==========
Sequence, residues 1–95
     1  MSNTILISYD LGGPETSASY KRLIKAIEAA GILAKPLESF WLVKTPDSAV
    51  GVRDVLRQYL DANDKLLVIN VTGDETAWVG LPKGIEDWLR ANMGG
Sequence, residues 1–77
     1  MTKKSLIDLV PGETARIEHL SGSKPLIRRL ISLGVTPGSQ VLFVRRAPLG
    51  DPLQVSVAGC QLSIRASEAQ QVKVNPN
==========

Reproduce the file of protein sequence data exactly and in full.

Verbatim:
Sequence, residues 1–95
     1  MSNTILISYD LGGPETSASY KRLIKAIEAA GILAKPLESF WLVKTPDSAV
    51  GVRDVLRQYL DANDKLLVIN VTGDETAWVG LPKGIEDWLR ANMGG
Sequence, residues 1–77
     1  MTKKSLIDLV PGETARIEHL SGSKPLIRRL ISLGVTPGSQ VLFVRRAPLG
    51  DPLQVSVAGC QLSIRASEAQ QVKVNPN